By Charles Hack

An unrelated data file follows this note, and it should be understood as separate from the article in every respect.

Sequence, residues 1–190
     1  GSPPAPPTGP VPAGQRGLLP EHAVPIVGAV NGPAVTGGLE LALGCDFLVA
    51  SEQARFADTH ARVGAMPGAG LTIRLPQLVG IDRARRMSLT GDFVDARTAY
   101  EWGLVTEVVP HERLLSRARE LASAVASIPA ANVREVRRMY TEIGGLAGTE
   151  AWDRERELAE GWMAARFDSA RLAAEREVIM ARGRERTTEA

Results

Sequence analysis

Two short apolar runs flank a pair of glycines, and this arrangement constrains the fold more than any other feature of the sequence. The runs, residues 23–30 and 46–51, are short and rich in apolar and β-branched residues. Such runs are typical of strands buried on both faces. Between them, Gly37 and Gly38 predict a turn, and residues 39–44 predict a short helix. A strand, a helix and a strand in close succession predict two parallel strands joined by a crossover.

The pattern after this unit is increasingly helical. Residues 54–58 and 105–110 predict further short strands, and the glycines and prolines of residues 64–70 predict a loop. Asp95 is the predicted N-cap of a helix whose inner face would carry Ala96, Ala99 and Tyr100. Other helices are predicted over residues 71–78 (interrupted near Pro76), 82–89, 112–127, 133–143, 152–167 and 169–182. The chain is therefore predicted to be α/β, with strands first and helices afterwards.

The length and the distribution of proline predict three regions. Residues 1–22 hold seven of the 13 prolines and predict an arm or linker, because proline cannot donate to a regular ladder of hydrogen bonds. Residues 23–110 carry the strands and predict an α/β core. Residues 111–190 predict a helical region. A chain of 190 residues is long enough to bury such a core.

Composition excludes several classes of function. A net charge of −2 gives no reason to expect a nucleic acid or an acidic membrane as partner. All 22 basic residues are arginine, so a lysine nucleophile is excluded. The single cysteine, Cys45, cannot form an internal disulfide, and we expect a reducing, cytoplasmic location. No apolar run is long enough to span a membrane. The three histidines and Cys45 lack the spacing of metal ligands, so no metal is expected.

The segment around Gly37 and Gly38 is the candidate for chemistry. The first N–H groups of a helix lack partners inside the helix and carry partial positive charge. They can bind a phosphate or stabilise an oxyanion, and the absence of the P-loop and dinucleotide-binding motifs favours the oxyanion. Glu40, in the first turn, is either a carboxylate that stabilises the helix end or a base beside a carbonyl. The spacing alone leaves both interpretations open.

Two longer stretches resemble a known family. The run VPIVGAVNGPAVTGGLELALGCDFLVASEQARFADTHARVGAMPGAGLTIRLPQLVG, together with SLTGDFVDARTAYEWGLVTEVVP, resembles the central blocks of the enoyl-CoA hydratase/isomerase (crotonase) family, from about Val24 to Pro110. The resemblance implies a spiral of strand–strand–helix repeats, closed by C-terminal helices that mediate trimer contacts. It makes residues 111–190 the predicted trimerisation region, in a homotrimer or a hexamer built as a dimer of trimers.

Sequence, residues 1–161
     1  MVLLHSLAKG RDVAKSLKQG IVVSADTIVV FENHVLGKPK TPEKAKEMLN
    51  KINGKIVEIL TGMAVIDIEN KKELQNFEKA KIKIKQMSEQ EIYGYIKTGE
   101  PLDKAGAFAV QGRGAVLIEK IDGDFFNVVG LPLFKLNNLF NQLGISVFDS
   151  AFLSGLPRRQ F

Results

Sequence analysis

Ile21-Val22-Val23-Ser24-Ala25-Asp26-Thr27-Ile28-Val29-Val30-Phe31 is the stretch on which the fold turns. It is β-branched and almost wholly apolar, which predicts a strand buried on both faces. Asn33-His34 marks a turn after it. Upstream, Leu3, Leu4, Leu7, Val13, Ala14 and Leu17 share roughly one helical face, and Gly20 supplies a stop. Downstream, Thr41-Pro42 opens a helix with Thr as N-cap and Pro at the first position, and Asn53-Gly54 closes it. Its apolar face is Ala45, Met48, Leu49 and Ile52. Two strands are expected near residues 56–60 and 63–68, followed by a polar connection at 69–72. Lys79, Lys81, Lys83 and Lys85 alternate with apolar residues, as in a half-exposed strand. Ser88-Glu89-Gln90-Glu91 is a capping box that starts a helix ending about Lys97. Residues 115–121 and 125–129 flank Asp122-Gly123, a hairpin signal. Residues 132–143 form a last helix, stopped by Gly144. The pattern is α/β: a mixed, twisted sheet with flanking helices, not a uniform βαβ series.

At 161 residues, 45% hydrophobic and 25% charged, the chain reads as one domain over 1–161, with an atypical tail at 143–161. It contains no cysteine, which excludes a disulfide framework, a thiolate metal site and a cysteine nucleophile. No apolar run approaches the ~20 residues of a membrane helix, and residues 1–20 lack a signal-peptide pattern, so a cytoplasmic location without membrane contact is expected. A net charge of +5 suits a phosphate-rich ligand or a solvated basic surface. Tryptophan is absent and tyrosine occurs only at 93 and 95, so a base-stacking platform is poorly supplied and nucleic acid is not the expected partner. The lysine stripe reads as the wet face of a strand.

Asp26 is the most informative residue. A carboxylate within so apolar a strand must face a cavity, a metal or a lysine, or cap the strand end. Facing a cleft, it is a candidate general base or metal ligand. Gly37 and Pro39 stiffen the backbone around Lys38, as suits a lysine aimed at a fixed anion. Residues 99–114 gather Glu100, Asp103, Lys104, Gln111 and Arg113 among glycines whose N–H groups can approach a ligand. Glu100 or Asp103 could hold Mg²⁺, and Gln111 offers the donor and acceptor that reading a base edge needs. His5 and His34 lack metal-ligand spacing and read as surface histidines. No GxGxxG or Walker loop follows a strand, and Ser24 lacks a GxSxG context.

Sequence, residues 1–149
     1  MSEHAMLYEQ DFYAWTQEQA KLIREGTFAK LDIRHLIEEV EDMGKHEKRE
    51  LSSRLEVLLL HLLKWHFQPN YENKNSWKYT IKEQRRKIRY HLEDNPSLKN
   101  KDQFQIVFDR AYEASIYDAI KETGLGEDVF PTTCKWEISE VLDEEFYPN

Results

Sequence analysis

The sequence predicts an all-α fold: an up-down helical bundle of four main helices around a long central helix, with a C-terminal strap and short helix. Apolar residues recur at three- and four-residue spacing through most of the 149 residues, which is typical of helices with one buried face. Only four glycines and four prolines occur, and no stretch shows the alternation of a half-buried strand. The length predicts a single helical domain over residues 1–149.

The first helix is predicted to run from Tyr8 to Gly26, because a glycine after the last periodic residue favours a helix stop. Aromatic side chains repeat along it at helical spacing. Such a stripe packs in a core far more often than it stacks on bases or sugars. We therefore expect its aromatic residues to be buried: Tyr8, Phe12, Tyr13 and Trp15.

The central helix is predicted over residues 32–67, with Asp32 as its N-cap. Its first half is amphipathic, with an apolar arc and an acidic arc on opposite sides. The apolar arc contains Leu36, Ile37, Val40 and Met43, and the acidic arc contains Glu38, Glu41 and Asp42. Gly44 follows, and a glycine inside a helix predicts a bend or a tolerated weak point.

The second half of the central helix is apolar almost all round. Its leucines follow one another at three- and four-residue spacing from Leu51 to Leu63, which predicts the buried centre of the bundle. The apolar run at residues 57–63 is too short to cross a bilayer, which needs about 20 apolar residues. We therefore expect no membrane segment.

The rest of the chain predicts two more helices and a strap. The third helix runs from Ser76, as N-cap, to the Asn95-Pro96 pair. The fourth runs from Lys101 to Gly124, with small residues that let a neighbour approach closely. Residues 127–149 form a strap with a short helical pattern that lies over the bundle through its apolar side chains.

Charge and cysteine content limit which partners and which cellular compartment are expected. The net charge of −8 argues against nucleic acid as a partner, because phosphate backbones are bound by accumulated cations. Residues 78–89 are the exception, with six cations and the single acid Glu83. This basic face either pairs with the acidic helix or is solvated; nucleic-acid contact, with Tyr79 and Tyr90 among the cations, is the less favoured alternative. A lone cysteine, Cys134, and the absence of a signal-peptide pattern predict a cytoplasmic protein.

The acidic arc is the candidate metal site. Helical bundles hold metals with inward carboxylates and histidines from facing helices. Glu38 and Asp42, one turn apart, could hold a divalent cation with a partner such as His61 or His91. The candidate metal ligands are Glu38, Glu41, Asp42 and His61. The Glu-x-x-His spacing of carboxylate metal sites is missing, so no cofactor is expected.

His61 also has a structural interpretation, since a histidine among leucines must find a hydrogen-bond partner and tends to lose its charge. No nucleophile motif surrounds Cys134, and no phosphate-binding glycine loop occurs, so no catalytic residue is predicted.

It looked like a horse graveyard, with bodies strewn across the floor— albeit one where the cadavers are brightly painted in gold, red and blue. A team of workers dismantled the historic Bishoff & Brienstein Carousell, at a storefront at 1054 Surf Ave. near West 12th Street. Although it was still in good condition, with a working band organ, the carousel will be carefully restored before it is re-assembled in a different, yet-to-be-determined location in Coney Island. The merry-go-round will first spend time in storage. The city paid $1.8 million for the carousel, after it went up for auction by Guernsey’s last August, to keep it as part of the storied history of Coney Island. The carousel had 50 horses, two chariots, a band organ, ticket booth and a brass ring, which riders pulled to receive a free ride. Brooklyn was in danger of losing the carousel, which had been there for 73 years, after the auction house received offers from as far away as far as Los Angeles. When Mayor Michael Bloomberg announced the carousel was to be saved, he said “it is staying right here in Coney Island where it belongs.” Guernsey’s negotiated the purchase with the city’s Economic Development Corporation and the Coney Island Development Corporation, after City Councilmember Domenic Recchia campaigned to save the fairground attraction. Longtime owner James McCullough, 76, decided it was time to sell when he retired. Together with the Cyclone and Wonder Wheel, the carousel dates back to the earliest days of seaside attractions in Coney Island. No date has been provided for re-opening it, but Janel Patterson from the NYC Economic Development Corporation says it should be opened within three years. She said that it will be returned to near or on the Coney Island boardwalk. The name was spelled “carousell” because the frame’s builder, William F. Mangels, whose shop was on West 5th Street, used two l’s. All but one of the carousel horses were carved in 1919 by Charles Carmel, whose studio was situated near the stables of Prospect Park. The other one was carved by Marcus Charles Illions. The carousel came to Brooklyn in 1932 from New Jersey, where it was first installed. There are fewer than 100 operating carousels left in the country, down from 5,000 a century ago.